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Popul Health Manag.
Intermountain Healthcare, Salt Lake City, UT, USA; University of Minnesota , Minneapolis, MN, USA; Children’s Hospitals and Clinics of Minnesota , Minneapolis, MN, USA
Repetition by clinicians of the same tests for a given patient is common. However, not all repeat tests are necessary for optimal care and can result in unnecessary hardship. Limited evidence suggests that an electronic health record may reduce redundant laboratory testing and imaging by making previous results accessible to physicians. The purpose of this study is to establish a baseline by characterizing repeat testing in a pediatric population and to identify significant risk factors associated with repeated tests, including the impact of using multiple health systems. A population-based retrospective cross-sectional design was used to examine initial and repeat test instances, defined as a second test following an initial test of the same type for the same patient. The study population consisted of 8760 children with 1-25 test claims over a 1-year period. The study setting included all health care service organizations in Minnesota that generated these claims. In all, 17.2% of tests met the definition of repeat test instances, with several risk factors associated with per patient repeat test levels. The incidence of repeat test instances per patient was significantly higher when patients received care from more than 1 health system (adjusted incidence rate ratio 1.4; 95% confidence interval: 1.3-1.5). Repeat test levels are significant in pediatric populations and potentially actionable. Interoperable health information technology may reduce the incidence of repeat test instances in pediatric populations by making prior test results readily accessible.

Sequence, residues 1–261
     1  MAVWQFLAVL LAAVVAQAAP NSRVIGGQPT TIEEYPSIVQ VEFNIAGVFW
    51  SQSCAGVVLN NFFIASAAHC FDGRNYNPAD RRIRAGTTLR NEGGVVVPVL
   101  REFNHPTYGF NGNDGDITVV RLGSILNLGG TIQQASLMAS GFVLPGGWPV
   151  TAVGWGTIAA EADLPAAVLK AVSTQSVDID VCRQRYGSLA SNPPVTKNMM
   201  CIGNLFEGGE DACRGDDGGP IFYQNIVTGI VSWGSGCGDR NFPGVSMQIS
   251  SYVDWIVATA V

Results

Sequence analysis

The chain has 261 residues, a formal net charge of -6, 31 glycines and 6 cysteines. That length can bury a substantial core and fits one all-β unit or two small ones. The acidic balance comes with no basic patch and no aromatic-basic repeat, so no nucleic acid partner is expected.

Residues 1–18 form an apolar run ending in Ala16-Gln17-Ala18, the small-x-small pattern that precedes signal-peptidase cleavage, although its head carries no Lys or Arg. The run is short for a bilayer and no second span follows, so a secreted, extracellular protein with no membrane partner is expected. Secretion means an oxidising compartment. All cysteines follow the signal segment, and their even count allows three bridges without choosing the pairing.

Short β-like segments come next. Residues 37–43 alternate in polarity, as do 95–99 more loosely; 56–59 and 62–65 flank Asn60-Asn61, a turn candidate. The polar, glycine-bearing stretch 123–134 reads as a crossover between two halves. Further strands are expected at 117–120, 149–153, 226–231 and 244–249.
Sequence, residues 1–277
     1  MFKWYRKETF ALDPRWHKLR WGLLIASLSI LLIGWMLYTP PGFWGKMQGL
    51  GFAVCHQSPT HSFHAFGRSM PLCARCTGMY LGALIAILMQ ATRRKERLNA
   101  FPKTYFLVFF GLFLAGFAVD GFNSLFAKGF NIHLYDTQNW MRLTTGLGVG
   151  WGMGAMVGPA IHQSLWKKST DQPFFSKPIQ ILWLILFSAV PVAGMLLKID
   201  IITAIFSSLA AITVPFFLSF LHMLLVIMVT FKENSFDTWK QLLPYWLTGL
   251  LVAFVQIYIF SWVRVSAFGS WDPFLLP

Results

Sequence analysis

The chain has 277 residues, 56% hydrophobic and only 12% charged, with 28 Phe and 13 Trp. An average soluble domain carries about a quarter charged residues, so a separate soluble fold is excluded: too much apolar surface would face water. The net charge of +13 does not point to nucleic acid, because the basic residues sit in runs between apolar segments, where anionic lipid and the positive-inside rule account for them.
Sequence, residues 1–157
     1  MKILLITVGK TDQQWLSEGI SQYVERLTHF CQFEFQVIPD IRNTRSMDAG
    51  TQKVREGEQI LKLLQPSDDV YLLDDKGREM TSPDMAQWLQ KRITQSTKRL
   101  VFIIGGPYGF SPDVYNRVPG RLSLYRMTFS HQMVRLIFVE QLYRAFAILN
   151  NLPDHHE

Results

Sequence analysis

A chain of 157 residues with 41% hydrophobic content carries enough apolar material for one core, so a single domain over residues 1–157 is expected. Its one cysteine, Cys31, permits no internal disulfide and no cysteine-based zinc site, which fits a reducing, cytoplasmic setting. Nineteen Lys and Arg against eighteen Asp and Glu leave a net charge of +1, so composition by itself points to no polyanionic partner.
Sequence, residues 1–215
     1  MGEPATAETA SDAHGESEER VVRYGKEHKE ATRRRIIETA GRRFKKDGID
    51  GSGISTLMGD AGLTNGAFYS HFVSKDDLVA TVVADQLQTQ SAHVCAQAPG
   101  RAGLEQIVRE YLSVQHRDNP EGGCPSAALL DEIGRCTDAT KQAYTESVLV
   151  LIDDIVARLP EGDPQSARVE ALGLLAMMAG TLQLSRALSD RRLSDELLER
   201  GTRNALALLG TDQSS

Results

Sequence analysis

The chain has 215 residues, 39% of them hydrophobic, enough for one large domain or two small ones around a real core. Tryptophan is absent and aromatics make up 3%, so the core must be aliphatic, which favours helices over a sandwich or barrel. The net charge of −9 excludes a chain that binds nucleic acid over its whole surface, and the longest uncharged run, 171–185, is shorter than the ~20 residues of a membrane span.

Researchers Andrew J. Knighton, PhD, CPA, Nathaniel R. Payne, MD, and Stuart Speedie, PhD at Intermountain Health Care in Salt Lake City Utah sought to identify the risk factors associated with repeat tests in a pediatric population and the impact of using multiple health systems. Using the ACG system they characterized repeat testing in a pediatric population of 8,760 children with 1-25 test claims over a 1-year period. A population-based retrospective cross-sectional design was used to examine initial and repeat test instances, defined as a second test following an initial test of the same type for the same patient. As would be expected, repeat test instances per patient were significantly higher when patients received care from more than one health system. As health information technology improves and health systems can more easily and readily share test results, the incidence and risk of repeat tests should decrease.
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